Better Work-Haiti recently released its 11th Biannual Synthesis Report Under the HOPE II Legislation to assess factory compliance with core labor standards and national labor law. For those interested, the report can be accessed at:

Between September 2014 and August 2015, Better Work assessed 25 factories in Haiti’s garment sector. While factories improved in a few areas, overall, compliance has waned since the last report. Here’s a quick overview:

  • Method of Payment: In two factories, workers’ full wages were not paid directly to them at the workplace on a working day.
  • Overtime Wages: Four additional factories were found non-compliant and did not pay workers 50% above the normal wage for all ordinary overtime hours worked.
  • Paid Leave: Six additional factories did not pay workers correctly during sick leave.
  • Social Security and Other Benefits: Fourteen additional factories did not pay 3% of workers’’ basic salary to OFATMA for maternity and health insurance.
  • Wage Information, Use and Deduction: Seven additional factories did not keep only one accurate payroll record.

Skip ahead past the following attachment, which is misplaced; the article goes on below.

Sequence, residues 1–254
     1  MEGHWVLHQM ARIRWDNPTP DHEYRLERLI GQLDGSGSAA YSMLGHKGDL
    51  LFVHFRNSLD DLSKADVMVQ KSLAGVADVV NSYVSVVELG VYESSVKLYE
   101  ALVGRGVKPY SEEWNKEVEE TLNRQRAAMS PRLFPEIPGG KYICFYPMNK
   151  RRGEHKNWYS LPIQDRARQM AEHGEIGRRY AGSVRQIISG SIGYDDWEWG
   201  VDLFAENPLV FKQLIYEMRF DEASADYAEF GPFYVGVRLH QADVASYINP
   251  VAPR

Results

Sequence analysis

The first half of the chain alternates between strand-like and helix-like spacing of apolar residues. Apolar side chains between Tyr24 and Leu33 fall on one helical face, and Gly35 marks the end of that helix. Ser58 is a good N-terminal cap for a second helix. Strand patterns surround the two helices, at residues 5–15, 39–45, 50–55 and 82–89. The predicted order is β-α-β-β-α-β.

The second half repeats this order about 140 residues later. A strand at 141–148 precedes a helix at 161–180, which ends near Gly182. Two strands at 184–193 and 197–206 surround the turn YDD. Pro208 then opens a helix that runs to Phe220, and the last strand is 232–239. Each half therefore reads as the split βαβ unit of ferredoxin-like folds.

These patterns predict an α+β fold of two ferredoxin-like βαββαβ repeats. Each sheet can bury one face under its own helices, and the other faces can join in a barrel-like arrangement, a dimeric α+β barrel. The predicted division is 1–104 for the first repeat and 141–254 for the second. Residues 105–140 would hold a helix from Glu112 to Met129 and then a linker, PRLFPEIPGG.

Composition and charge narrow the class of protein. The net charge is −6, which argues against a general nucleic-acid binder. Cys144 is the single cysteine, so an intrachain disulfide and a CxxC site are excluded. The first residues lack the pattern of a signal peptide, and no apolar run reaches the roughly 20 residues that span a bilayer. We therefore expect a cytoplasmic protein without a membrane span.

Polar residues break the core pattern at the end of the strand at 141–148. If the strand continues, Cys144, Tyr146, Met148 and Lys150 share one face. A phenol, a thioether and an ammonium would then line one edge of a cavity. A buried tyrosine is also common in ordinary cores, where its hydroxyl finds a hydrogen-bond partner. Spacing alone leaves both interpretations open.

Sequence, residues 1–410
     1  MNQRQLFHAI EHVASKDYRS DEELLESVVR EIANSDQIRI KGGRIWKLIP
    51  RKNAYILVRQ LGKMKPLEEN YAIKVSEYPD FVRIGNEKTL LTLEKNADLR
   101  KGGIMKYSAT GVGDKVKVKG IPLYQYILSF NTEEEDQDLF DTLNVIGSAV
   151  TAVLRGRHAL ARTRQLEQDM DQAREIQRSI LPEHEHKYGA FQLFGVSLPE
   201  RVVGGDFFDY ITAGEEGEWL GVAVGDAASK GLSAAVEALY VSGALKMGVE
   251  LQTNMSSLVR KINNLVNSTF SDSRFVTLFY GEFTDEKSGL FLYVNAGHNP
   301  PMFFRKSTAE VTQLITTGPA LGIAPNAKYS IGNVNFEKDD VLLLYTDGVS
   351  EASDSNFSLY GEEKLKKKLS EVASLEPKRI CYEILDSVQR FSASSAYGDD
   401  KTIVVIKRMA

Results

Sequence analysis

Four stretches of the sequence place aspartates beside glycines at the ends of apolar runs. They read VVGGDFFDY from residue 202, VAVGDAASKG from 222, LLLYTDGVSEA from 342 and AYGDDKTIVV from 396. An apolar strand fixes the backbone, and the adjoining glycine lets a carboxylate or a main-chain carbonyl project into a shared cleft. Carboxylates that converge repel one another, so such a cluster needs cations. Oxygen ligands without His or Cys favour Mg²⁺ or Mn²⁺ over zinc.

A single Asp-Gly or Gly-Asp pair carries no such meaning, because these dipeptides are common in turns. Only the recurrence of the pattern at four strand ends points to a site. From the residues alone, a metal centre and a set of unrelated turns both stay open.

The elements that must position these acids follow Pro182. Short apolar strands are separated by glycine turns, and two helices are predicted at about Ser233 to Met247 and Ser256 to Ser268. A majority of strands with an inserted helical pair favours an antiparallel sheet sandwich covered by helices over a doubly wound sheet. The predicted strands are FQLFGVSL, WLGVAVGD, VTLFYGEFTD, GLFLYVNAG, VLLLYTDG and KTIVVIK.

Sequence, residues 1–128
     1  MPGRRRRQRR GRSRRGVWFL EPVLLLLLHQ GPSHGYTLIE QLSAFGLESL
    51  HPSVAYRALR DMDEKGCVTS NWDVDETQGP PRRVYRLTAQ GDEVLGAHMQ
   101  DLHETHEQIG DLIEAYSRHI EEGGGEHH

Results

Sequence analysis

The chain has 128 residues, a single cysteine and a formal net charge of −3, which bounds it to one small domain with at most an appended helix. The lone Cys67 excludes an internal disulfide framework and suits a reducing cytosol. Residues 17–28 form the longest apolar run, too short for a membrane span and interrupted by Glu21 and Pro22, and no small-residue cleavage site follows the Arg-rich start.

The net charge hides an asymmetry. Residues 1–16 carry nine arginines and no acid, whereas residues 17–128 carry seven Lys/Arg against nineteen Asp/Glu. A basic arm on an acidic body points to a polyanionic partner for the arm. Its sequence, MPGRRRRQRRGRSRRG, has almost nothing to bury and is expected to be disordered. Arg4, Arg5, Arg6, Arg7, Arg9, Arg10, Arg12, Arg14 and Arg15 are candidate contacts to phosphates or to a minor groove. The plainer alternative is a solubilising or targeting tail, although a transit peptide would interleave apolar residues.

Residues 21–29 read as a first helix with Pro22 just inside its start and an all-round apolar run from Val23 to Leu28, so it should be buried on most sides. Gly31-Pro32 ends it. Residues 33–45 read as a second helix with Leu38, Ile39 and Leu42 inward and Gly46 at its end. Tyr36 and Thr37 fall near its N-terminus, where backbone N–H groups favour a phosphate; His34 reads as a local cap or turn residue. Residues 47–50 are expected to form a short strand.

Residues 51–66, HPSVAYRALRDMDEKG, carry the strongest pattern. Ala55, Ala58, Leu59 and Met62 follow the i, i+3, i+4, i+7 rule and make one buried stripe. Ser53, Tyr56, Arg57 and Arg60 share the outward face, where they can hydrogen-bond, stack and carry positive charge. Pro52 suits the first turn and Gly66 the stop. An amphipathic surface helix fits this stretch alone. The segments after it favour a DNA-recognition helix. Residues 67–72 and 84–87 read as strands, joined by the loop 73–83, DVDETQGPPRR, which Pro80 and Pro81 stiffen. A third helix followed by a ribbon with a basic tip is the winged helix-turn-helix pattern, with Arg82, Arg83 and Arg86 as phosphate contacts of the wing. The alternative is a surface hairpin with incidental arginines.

• Chemicals and Hazardous Substances: Six additional factories did not have chemical safety datasheets for all the hazardous chemicals used in the workplace.
  • Emergency Preparedness: Five additional factories were found to not be conducting periodic emergency drills.
  • Overtime: In three additional factories, employer did not comply with limits on overtime hours worked.
  • Regular Hours: Five additional employers kept working time records that did not reflect the hours actually worked.

Noncompliance rates remained the highest in the Occupational Safety and Health category. Non- and underpayment of social security and other benefits was another area of high noncompliance.

Additionally, fewer workers (38%) earned the production minimum wage (320 gourdes per 8-hr workday) this semester than last (41%). Piece rate workers are supposed to have the opportunity to earn this wage (versus the lower, minimum wage of reference – 225 gourdes). This backsliding is especially troubling given that the value of the Haitian gourde to the US dollar has dropped significantly in past months (53 HTG to 1 USD).

Read the full report: